A journalist recently told me that, post-Leveson, the residual fear in the media of targeting celebrities has meant that leading up to an election period, journalists will lean a little harder on MPs. Here’s how he explained it to me. A journalist needs copy for his paper by 5pm. He’s in a rush. He promised to have a long lunch with a colleague and has to get on with it. So, he takes a quick look at which town fifty miles outside of London has seen an increase in repossessions. If it’s more than fifty miles, the MP will need to have a flat in London in order to attend Westminster for late night votes and early morning committees.

Bingo, the journalist has his story: "Repossessions up by 8 per cent in Snodswich as greedy MP trousers £21K on second home claim." In 2009, Gordon Brown and David Cameron were both in such a hurry to clear the air and keep or get their bums on to seats in Number 10 that they put to Parliament a solution to the expenses crisis which did nothing whatsoever to solve the problem.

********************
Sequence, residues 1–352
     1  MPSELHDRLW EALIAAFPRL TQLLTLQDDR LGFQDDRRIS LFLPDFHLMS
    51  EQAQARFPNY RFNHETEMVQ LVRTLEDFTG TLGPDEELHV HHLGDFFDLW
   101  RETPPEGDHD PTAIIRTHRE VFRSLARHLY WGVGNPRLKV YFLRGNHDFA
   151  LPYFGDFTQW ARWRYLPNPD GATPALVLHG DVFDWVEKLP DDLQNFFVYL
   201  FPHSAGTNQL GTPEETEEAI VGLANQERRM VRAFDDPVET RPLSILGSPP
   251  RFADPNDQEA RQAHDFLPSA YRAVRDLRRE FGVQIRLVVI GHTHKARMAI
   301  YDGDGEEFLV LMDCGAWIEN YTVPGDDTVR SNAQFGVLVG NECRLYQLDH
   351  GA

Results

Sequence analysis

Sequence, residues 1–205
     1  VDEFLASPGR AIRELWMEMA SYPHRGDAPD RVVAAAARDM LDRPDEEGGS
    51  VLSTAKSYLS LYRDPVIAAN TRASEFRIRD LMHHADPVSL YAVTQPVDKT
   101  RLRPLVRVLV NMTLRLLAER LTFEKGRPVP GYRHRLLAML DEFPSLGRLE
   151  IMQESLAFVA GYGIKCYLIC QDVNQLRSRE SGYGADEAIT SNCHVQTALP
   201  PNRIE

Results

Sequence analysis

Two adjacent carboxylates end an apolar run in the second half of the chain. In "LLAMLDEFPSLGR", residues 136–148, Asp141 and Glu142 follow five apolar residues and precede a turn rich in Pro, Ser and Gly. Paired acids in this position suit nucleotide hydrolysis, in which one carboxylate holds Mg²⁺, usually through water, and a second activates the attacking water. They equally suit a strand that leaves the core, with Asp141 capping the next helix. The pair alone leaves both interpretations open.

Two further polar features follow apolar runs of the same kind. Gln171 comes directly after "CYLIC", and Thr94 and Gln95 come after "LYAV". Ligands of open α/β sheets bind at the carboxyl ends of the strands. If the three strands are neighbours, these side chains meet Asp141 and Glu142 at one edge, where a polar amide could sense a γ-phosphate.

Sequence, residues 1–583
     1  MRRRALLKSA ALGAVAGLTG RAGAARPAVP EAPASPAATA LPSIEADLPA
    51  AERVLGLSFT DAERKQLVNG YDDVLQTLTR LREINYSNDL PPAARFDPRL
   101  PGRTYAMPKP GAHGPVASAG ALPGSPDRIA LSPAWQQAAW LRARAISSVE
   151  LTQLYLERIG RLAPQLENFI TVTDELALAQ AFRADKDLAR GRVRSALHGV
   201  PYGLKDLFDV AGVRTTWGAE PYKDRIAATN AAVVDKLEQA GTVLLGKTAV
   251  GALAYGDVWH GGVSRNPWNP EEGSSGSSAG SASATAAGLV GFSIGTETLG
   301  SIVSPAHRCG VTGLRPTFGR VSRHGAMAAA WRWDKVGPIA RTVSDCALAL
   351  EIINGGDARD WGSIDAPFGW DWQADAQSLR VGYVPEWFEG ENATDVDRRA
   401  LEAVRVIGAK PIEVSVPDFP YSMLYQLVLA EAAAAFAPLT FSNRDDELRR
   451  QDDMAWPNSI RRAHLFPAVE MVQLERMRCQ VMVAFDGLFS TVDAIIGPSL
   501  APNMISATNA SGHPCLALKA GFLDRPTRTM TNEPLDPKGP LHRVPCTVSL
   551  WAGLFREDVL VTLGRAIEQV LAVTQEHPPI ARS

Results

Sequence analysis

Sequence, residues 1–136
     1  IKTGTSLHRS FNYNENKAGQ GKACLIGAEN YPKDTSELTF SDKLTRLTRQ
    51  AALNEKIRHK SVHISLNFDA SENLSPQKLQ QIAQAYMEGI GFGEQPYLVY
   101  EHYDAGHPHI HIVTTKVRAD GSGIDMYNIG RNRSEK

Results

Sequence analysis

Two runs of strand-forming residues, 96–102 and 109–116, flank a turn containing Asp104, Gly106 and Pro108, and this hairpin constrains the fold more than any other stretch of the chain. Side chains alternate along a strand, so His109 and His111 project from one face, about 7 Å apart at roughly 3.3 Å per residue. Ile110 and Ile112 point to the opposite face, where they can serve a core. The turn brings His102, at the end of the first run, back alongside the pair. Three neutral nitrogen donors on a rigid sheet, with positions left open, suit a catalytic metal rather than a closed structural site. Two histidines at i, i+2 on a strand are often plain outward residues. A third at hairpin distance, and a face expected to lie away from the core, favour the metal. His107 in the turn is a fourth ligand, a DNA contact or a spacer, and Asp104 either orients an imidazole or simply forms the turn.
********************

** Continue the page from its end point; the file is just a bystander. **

Sir Ian Kennedy, who was charged by Gordon Brown to find a solution to the crisis, proposed that the way forward was to change the office which paid the expenses from the fees office which cost £1 million per year to new office called IPSA. In three years, IPSA has cost the tax payer much more than that. Oh, I almost forgot: he was also appointed the Chairman on £700 per day. Nice work if you can get it.

Every MP has a staff budget of around £120,000 per annum. It is paid directly from IPSA to the House of Commons staff into the staff member’s bank account. The MP never sees the money.